Superstar film producer and studio executive Harvey Weinstein, of The Weinstein Company, now has a slew of sexual harassment accusations against him: including one from Ashley Judd.
As part of a bombshell report in The New York Times, Judd went on the record that 20 years ago, Weinstein invited her to the Peninsula Beverly Hills hotel for what Judd thought would be a professional breakfast meeting.
Judd said she was shocked when Weinstein sent her up to his room instead. Judd said Weinstein appeared in a bathrobe, offered her a massage, and asked her if she wanted to watch him take a shower.
Judd said she remembered thinking: “How do I get out of the room as fast as possible without alienating Harvey Weinstein?”
In 2015, Judd told the story to Variety without revealing the name of the person:
"I was sexually harassed by one of our industry’s most famous, admired-slash-rivaled bosses ... He was very stealth and expert about it. He groomed me, which is a technical term – Oh, come meet at the hotel for something to eat. Fine, I show up. Oh, he’s actually in his room. I’m like, Are you kidding me? I just worked all night. I'm just going to order cereal. It went on in these stages. It was so disgusting. He physically lured me by saying, 'Oh, help me pick out what I’m going to wear.' There was a lot that happened between the point of entry and the bargaining. There was this whole process of bargaining—'Come do this, come do this, come do this.' And I would say, 'No, no, no.'"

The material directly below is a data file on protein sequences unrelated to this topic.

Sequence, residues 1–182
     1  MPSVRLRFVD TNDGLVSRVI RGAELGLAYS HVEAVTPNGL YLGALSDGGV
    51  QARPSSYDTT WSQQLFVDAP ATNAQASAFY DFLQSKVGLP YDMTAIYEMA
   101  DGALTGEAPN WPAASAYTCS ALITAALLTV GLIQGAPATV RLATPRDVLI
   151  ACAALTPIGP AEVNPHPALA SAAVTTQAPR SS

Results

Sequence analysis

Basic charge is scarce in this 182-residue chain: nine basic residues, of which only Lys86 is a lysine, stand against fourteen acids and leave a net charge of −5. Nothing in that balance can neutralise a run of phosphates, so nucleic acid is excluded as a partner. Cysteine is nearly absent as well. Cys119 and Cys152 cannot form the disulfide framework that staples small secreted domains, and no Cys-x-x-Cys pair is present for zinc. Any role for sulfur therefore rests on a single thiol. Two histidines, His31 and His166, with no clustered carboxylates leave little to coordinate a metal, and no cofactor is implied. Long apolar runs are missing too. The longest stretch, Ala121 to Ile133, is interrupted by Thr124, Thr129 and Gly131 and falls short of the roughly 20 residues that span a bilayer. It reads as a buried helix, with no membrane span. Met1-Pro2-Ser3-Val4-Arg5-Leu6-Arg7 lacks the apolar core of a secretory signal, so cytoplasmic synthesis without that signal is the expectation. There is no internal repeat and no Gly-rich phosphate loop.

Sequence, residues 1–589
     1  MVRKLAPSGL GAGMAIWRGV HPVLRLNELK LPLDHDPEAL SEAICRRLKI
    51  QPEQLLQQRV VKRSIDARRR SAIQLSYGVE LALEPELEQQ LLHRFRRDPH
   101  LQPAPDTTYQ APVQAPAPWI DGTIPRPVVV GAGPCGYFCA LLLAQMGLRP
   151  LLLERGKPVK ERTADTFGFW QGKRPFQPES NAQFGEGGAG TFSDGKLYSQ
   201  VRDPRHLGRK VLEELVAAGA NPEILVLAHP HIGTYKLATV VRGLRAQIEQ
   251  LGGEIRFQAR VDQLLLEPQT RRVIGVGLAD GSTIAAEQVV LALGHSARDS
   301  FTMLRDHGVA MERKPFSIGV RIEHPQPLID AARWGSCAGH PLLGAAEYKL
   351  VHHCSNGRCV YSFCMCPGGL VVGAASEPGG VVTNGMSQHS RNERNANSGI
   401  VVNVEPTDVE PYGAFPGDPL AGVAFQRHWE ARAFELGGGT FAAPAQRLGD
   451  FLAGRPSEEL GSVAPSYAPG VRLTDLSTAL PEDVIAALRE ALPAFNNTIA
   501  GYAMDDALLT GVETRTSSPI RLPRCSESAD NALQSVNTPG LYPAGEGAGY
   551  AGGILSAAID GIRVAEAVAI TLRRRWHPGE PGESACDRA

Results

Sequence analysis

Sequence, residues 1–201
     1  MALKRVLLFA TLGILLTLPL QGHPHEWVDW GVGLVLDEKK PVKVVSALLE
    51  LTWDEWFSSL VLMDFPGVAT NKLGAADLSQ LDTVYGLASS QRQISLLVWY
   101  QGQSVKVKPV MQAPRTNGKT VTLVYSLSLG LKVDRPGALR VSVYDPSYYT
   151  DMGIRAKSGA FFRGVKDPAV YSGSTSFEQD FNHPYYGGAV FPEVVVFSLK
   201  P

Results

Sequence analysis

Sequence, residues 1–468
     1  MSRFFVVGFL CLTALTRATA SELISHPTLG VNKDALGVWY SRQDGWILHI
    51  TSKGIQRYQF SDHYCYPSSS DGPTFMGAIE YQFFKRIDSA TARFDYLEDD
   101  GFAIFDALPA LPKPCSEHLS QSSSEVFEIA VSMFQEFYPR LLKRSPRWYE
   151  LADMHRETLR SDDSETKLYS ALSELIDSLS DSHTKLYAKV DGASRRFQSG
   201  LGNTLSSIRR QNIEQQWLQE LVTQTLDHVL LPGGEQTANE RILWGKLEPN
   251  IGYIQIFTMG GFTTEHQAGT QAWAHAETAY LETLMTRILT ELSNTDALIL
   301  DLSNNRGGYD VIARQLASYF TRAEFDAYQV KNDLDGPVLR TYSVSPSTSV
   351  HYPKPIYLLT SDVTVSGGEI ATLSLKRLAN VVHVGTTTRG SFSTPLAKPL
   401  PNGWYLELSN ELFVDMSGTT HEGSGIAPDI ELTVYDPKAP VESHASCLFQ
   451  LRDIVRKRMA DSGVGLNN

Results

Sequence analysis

Judd told the Times that she felt "panicky, trapped," and said if Weinstein wanted to touch her, she would have to win an Oscar for one of his movies first.
“There’s a lot on the line, the cachet that came with Miramax," Judd told the Times. Years later, Judd appeared in two more Weinstein films, but said Weinstein didn't harass her again.
As the cofounder of Miramax Films and The Weinstein Company, Weinstein has had a huge influence on Hollywood and the entertainment industry. Some of his influential movies have won the Oscar for best picture of the year, like “Shakespeare in Love“ and “The King’s Speech.” Movies he produced like “Pulp Fiction,” "Clerks," "Good Will Hunting,” and “Scream” are huge staples in popular culture that live on to this day. He’s also been an executive producer for television shows, including “Project Runway” on Lifetime.
Judd said that "women have been talking about Harvey amongst ourselves for a long time, and it's simply beyond time to have the conversation publicly."
The New York Times investigation found undisclosed allegations against Weinstein spanning almost thirty years, highlighting "a common narrative."